New Delhi, February 17, 2022: While considering an issue pertaining to initiation of auction sale by lender banks upon non-payment of dues, the Supreme Court has opined that once the borrower failed to apply to the Recovery Officer to set aside the sale of his mortgaged property on the ground of material irregularity within a period of thirty days from the date of sale of the immovable property and thereafter the Sale Certificate had been issued, normally the borrower couldnot be permitted to challenge the same subsequently.
A Division Bench of Justice M.R Shah and Justice B.V Nagarathna observed that once the sale was required to be adjourned because of the stay order obtained by the borrower and the stay continued for more than seven days which came to be vacated subsequently, such borrower cannot be permitted to take the benefit of his action of obtaining the stay and contend that even if the sale was adjourned for more than seven days due to the stay order obtained by him, there shall be a fresh proclamation.
Going by the background of the case, Munjaji (First respondent – borrower), the Director of Vaishnavi Hatcheries Company Limited, borrowed loan from Deenadayal Nagari Sahakari Bank (First Appellant) and one Vaidanath Nagari Sahakari Bank (Second Appellant). As a security to the said loan, four properties were mortgaged. Since the borrower defaulted in payment, both the banks initiated separate recovery proceedings against First respondent and the borrower. Accordingly, Recovery Certificate was issued in favour of the appellant-bank u/s 101 of Maharashtra Co-operative Societies Act, 1960.
Later, a proclamation was published in the daily newspaper ‘Sakal’ followed by a proclamation as per Rule 107(11) of the Maharashtra Co-operative Societies Rules, 1961 giving 30 days’ time to First respondent to pay the amount. The Deputy Joint Registrar, Co-operative Societies fixed the upset price at Rs.98,10,000/-, after which, Vaidanath Bank also initiated the process of auction of the property, which had attained finality. The upset price fixed by the Deputy Joint Registrar, Co-operative Societies was challenged by the First respondent. At the same time, the appellant-bank issued a tender notice to sell the mortgaged properties. However, on the date fixed for submission of tender, the Divisional Joint Registrar granted stay of the auction proceedings.
Later, the bids were opened and Ratnakar Gutte was found to be the highest bidder and he offered the bid of Rs.1,26,00,000/-. The auction purchaser deposited 15% of the said amount on the same day and an application was made to the District Deputy Registrar for seeking approval to accept the balance 85% of the amount from the auction purchaser. Immediately on receipt of such approval, the auction purchaser deposited the remaining 85% balance.
Accordingly, a Sale Certificate was issued in favour of the auction purchaser and the sale deed was also executed. Even though no objection was raised before the Recovery Officer about any irregularity or fraud as required under Rule 107(14) of the MCS Rules, 1961, the officers of the bank went to take possession of the property, where they were attacked and therefore the officers of the bank lodged an FIR while acquiring possession of the property.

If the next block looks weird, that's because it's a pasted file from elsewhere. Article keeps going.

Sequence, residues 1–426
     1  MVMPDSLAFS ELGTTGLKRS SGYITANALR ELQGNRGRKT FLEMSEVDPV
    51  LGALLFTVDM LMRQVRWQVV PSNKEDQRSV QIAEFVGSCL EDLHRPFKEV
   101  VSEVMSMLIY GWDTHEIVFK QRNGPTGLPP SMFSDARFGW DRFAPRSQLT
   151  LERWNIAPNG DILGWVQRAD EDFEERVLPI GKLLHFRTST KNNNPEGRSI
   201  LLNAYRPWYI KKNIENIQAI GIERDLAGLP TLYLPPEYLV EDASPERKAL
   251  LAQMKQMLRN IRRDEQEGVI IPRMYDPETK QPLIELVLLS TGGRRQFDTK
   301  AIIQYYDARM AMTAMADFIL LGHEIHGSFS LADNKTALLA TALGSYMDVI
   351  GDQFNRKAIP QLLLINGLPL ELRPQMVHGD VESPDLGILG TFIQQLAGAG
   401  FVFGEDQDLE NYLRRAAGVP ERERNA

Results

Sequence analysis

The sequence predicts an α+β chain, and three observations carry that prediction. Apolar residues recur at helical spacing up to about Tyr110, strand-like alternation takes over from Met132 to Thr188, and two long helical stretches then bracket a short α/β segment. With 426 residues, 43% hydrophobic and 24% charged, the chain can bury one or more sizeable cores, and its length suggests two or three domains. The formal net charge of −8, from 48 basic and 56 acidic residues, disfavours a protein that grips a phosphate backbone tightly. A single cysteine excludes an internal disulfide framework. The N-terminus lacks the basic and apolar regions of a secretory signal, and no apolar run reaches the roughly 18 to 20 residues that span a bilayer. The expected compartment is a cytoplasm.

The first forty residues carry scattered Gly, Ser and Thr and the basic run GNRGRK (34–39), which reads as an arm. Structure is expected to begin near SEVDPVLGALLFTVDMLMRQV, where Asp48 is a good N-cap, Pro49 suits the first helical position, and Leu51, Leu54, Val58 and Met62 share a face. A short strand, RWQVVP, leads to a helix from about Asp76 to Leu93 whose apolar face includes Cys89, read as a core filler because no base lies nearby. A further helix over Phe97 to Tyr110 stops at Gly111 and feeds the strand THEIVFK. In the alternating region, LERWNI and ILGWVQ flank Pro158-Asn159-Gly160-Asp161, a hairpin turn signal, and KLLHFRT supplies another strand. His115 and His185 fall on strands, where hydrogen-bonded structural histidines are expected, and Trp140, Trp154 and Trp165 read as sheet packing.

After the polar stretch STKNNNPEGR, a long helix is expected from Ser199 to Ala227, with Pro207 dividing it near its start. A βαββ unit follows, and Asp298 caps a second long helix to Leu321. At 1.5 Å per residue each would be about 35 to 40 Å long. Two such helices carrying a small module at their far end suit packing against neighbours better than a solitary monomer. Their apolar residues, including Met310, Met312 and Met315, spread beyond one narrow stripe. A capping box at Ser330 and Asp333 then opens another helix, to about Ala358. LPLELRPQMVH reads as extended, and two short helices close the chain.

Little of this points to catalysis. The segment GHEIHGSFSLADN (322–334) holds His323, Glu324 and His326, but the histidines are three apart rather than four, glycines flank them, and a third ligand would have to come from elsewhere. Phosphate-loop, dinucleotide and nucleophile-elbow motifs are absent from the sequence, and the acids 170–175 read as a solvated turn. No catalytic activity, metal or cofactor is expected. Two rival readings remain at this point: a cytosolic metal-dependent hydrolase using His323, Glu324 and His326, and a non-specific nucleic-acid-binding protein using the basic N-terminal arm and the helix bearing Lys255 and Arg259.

On the other hand, first respondent challenged the auction proceedings alleging that the mortgaged deed of the property and sale deed are illegal. When the matter reached High Court, it had quashed the criminal proceedings initiated by first respondent against the officers of the bank and others. The High Court also set aside the auction sale and the Sale Certificate in favour of the auction purchaser. In addition, the High Court directed the appellant-bank to refund the sale price to the auction purchaser along with interest. Hence, present appeal.
After considering the submissions, the Top Court found that once the borrower failed to apply to the Recovery Officer to set aside the auction sale on the grounds of material irregularity, mistake or fraud in publishing or conducting the auction sale within a period of thirty days from the date of sale of immovable property, thereafter it was not open for the borrower to challenge the sale on the ground of material irregularity.
Even under Rule 107(14)(i) of the MCS Rules, 1961, no sale shall be set aside on the ground of material irregularity, mistake or fraud unless the Recovery Officer is satisfied that the applicant had sustained substantial injury by reason of such irregularity, mistake or fraud, added the Court.
Speaking for the Bench, Justice Shah noted that in the present case, there was no finding recorded by the High Court that the borrower had sustained substantial injury and by reason of such irregularity the auction sale had to be set aside, and therefore, setting aside of auction sale/sale by the High Court was just contrary to the proviso to Rule 107(14)(i) of the MCS Rules, 1961.
Within a period of seven days from the date of vacating stay and dismissal of the revision application, the auction was held, and therefore, it couldnot be said that the auction sale was in breach of Rule 107(11)(f) of the MCS Rules, as the period during which the stay was in operation was to be excluded, added the Bench.
Accordingly, the Apex Court quashed the order passed by the High Court.